Photo credit: Ed Miles
A Robert Plant concert sends you on a journey. On September 23, his concert at Northerly Island took me to the mountains of Appalachia, the plains of the Mississippi Delta, and the west coast of Africa. Great artists always challenge you to leave your comfort zone and follow them, even if the audience is not along for the ride.
The 90-minute concert was populated by many drunk baby boomers apparently obsessed with reliving their past glories of watching Led Zeppelin 40 years ago. But Plant was not catering to the stoned hordes. For those who were paying attention, he was like a musical professor romping through a global songbook that spanned African-tinged material from his new album, Lullaby and the Ceaseless Roar, his Led Zeppelin catalog, and American blues. If you were paying attention, you could learn a lot, for instance:
- Africa speaks the language of the blues. He and his band, the Sensational Space Shifters, introduced me to the power of the ritti, a one-string violin played by Fula-tribe in Africa. The ritti produces a high-pitched sound that Plant’s band mate Juldeh Camara played with a frenzied passion on songs such as “Little Maggie” and a reinterpretation of “Whole Lotta Love.” The ritti adds texture to Lullaby and the Ceaseless Roar. In concert, Camara played the instrument like a lead guitar, commanding my attention and inspiring me to learn more about the instrument after the concert was over. I found an excellent article that explains the ritti (spelled riti in the article) in context of the evolution of the blues fiddle. The connection between African music and American blues reminded me of something Robert Plant once said onstage when I saw him in 2011: “you can find the origin of the American blues in the Atlas mountains of north Africa.”
- The spiritual and the carnal are two sides of the same coin. Plant sang with the same passion and bite on sexually charged standards like “Black Dog” as he did on “Satan Your Kingdom Must Come Down,” a traditional song from the Carolinas that Plant reinterpreted on his album Band of Joy. Through his sensual body English and growling voice, he made no distinctions between the lustful narrator of “Black Dog” who vows to make a woman sweat and the defiant preacher who spits at Satan. During “Satan Your Kingdom Must Come Down,” he segued into “In My Time of Dying,” another traditional song that Led Zeppelin famously adapted on Physical Graffiti. One moment, Plant was wailing, “I heard the voice of Jesus say Satan, your kingdom must come down,” and then suddenly he was singing, “Meet me, Jesus, meet me. Meet me in the middle of the air/If my wings should fail me, Lord. Please meet me with another pair” from “In My Time of Dying.” Robert Plant, at age 67, is undoubtedly aware of his mortality. But he recorded “In My Time of Dying” when he was 26. Hearing the two songs together made me think of Plant in a new light: a man on a spiritual journey. “Stairway to Heaven” isn’t just an epic song but a signpost on the road. Plant is to rock what Al Green is to soul: he comfortably embraces the sensual world while he reaches for something deeper and otherworldly. I am eager to re-listen to his musical catalog in this new context.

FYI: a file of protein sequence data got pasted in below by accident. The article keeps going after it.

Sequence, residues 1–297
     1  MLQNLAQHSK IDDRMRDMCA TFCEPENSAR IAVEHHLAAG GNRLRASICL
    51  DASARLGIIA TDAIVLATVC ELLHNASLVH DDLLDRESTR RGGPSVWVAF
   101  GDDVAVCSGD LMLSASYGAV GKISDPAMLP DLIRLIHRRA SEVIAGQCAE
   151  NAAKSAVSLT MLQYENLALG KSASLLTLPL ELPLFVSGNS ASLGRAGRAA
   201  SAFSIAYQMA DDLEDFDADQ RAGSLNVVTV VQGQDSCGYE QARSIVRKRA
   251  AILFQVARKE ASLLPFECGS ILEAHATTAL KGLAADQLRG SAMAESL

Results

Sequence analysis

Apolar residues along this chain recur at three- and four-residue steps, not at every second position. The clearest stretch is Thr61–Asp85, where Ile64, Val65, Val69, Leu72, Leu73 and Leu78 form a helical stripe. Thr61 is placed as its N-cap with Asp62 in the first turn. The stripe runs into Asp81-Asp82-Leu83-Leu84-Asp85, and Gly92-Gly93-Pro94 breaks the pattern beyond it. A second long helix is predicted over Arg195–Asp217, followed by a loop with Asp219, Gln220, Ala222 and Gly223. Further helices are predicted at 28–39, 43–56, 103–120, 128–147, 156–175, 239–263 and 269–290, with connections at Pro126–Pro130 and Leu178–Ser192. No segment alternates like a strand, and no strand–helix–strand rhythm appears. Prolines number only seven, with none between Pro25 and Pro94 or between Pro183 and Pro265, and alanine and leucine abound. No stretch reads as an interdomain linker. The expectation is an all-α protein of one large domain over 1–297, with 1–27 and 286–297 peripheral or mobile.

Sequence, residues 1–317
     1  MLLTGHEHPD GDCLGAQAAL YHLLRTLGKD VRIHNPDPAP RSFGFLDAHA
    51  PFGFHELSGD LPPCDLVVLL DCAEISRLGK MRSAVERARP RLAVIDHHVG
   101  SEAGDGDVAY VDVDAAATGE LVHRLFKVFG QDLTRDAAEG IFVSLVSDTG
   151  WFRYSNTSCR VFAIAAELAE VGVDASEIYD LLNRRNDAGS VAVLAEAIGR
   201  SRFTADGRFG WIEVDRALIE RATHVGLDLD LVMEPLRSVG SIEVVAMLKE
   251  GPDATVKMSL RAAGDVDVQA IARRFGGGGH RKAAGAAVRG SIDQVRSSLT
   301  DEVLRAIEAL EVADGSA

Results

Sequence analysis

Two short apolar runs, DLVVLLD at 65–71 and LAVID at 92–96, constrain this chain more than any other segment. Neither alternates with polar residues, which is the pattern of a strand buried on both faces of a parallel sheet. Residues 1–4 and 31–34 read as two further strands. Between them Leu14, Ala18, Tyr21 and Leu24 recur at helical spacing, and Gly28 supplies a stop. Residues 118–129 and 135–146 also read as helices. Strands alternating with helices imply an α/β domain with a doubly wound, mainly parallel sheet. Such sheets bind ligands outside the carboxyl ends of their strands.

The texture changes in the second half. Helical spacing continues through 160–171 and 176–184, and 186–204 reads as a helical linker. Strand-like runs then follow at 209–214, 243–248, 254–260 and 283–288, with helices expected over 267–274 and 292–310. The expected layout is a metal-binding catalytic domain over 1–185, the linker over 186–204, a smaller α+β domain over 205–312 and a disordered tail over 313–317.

- Bukka White was a badass. I have a fairly decent understanding of most of the blues greats, but Robert Plant reminded me of how little I really know when he called on the ghost of Bukka White during the concert. If you’re a Led Zeppelin fan, you have heard Bukka White even if you don’t know it. White was one of those old-time blues guitarists who lived in the Mississippi Delta, and his recording of “Fixin’ to Die Blues” was covered by Bob Dylan in the early 1960s. Led Zeppelin referred to his song “Shake ‘Em on Down” in “Hats Off to (Roy) Harper” and “Custard Pie.” Plant recorded a version of “Fixin’ to Die Blues” on his 2002 album Dreamland, and he showcased the sad, mournful power of the song during his concert at Northerly Island. For many Chicagoans, the blues begins and ends with Muddy Waters and Buddy Guy, but Robert Plant reminded us that the Mississippi Delta produced a mother lode of influential musicians who sang of hard times and impending death, which was always around the corner for them. Amid his onstage patter, Plant name-checked Bukka White as he paid tribute to the blues giants who shaped his own career. Then Plant stopped talking and let his singing tell the story as he whispered the lyrics, “Feelin funny in my mind lord I believe I’m fixin to die,” and channeled the sense of mortality and spiritual longing that White introduced in 1940. Plant mentioned long-forgotten artists such as Bukka White and the Stanley Brothers of Appalachia, laughingly comparing their popularity to that of Journey while making it clear he worships the ground the old guard walked on.
The golden god of the 1970s has become a golden shaman, dancing on a stage as he extends his hands and invites you to experience what Plant described as a “benediction of spirit and soul.” If you are willing to join him, Robert Plant enriches your life long after he is done singing.